A museum in South Africa, Liliesleaf Museum Heritage Site, recently raised USD 130,000 in an auction of a non-fungible token (NFT) of an arrest warrant issued against Nelson Mandela.
Money Raised from Nelson Mandela’s NFT to Fund Museum Activities
An NFT created from the warrant of arrest issued against Nelson Mandela in 1962 was sold for USD 130,000 (1.9 million Rands). The money will be directed at bankrolling Liliesleaf Museum Heritage Site, a respected organization working on fighting freedom and democracy in South Africa.
In a Bloomberg report, the museum received the document in 2004 as a donation. The warrant itself was issued back in 1962 when South Africa’s minority rulers accused Mandela of planning to overthrow the government.
After storing the document for about 18 years, Liliesleaf Museum Heritage Site has again raised funds through NFTs associated with freedom fighters. Before the auction, the organization had received USD 50,000 after auctioning NFTs of a pen, which was owned by Oliver Tambo, a respected freedom fighter in South Africa. The two NFT auctions were handled by Momint, a South African Based NFT marketplace.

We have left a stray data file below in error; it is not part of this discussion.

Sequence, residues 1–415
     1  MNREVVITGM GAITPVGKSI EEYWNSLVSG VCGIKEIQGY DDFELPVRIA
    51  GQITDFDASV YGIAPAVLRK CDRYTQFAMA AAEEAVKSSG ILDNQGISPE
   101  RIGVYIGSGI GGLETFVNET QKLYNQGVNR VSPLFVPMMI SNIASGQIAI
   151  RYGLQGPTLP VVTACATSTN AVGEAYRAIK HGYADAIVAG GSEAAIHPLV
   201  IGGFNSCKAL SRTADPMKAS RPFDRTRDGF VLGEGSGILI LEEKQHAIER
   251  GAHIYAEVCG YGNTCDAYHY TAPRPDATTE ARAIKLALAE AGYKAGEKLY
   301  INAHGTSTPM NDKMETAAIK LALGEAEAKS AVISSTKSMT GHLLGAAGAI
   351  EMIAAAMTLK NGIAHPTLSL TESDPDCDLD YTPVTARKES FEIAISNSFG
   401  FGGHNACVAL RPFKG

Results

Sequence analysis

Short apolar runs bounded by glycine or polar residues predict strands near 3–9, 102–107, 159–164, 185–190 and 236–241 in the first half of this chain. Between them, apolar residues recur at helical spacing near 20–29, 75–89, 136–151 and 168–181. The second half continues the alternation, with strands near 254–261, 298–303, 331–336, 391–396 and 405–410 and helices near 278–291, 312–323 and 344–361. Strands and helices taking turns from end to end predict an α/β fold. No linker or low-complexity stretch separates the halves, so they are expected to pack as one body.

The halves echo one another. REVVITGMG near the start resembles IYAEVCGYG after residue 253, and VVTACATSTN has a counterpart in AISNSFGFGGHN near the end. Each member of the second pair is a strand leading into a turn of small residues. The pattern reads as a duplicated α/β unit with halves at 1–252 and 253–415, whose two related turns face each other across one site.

The Leverage to Non Fungible Tokens (NFTs)
When commenting on the sale, Ahren Posthumus, the CEO of Momint, was quoted indicating why museums are becoming crucial leverages for NTFs. According to Ahren, museums have been impacted severely by a lack of visitors because of COVID-19, and this is an excellent way to keep them alive.
Conservancies, such as Black Rock Rhino, have also referred to proceeds from NFTs to meet their expenses. The leverage to NFTs by charitable organizations comes on the backdrop of one of the studies that suggested more South Africans are increasingly interested in NFTs.
- Suggested Reading: Instagram to Start Incorporating Non-Fungible Tokens (NFTs)